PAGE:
Johan Fabricius

Johan Fabricius (1899–1981) combined his various talents and character traits in his acclaimed historical stories, novels (for young readers) and plays: his desire for adventure and his wanderlust provided him with a variety of subjects. His evocative skill, which he honed during his training as a realistic figurative painter at the Academy of Art in The Hague, inspired him to create wonderfully detailed, atmospheric descriptions. And his gently romantic nature provided his realistic stories with drama and with fantastic characters.

Fabricius was an independent spirit. With the exception of literary greats such as Tolstoy, Dostoyevski and his contemporary J. Slauerhoff, he took inspiration from no one. He chose his own path, travelled all over the world and was not only an author, but also a correspondent for the BBC and The Times. And meanwhile, he tirelessly continued to write.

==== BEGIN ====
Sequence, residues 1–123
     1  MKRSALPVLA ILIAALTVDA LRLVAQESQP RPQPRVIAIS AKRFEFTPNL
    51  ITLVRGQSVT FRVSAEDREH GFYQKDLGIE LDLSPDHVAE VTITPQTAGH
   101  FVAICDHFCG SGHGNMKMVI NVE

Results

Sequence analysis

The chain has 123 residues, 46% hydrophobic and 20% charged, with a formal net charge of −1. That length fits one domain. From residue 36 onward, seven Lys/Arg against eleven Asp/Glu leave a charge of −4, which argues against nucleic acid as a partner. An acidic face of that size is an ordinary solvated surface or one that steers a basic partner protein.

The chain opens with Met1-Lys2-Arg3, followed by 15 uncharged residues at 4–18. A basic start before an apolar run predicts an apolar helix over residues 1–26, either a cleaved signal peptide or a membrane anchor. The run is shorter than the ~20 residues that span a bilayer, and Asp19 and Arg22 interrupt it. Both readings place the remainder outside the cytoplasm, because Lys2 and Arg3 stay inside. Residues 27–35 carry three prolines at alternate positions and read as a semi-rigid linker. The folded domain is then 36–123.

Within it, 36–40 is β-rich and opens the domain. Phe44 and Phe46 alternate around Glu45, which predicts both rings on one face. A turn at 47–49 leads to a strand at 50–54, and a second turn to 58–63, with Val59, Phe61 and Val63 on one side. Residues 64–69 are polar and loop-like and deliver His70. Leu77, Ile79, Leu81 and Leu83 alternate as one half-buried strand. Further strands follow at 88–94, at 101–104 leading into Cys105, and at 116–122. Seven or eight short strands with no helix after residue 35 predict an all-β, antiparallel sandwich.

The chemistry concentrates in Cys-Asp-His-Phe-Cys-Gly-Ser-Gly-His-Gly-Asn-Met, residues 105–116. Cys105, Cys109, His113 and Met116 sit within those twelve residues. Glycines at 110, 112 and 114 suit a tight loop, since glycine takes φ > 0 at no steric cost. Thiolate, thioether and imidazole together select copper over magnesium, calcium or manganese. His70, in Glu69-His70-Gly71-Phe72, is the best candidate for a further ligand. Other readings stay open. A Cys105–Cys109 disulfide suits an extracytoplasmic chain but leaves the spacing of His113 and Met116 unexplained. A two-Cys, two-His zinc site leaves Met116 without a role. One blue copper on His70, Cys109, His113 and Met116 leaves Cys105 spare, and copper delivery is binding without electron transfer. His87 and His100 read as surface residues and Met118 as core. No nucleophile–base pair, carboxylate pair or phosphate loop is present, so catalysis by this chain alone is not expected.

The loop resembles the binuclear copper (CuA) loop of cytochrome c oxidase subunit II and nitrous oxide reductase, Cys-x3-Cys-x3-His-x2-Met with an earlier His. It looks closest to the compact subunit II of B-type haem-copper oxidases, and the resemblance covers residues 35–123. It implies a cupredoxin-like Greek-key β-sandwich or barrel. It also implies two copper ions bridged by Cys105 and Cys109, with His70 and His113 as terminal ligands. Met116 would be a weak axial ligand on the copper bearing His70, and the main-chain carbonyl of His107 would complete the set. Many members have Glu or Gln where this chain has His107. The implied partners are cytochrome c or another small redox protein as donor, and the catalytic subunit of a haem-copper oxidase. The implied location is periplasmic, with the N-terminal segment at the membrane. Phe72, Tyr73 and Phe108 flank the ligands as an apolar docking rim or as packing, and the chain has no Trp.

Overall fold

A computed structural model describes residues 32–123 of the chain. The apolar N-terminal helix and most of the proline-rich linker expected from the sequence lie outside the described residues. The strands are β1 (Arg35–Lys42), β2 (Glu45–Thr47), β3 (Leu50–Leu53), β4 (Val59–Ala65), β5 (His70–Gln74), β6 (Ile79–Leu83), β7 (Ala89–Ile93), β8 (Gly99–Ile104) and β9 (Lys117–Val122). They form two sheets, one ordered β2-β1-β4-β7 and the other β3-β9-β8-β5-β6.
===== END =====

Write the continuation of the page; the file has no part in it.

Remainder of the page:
De scheepsjongens van de Bontekoe

De scheepsjongens van de Bontekoe

(Leopold, 1923, 398 pagina's)

On the quay in the historic town of Hoorn, three bronze cabin boys gaze out over the wide waters of what was once the Zuiderzee. They are listening to ‘the voice of the sea, which entices and intoxicates’. They are Hajo, Padde and Rolf, the cabin boys of shipmaster Willem IJsbrantsz Bontekoe (1587–1657), who found fame with the publication of his ship’s log about his improbable journey to Bantam (East Indies) in 1618, which he undertook in the service of the Dutch East India Company during the Golden Age.

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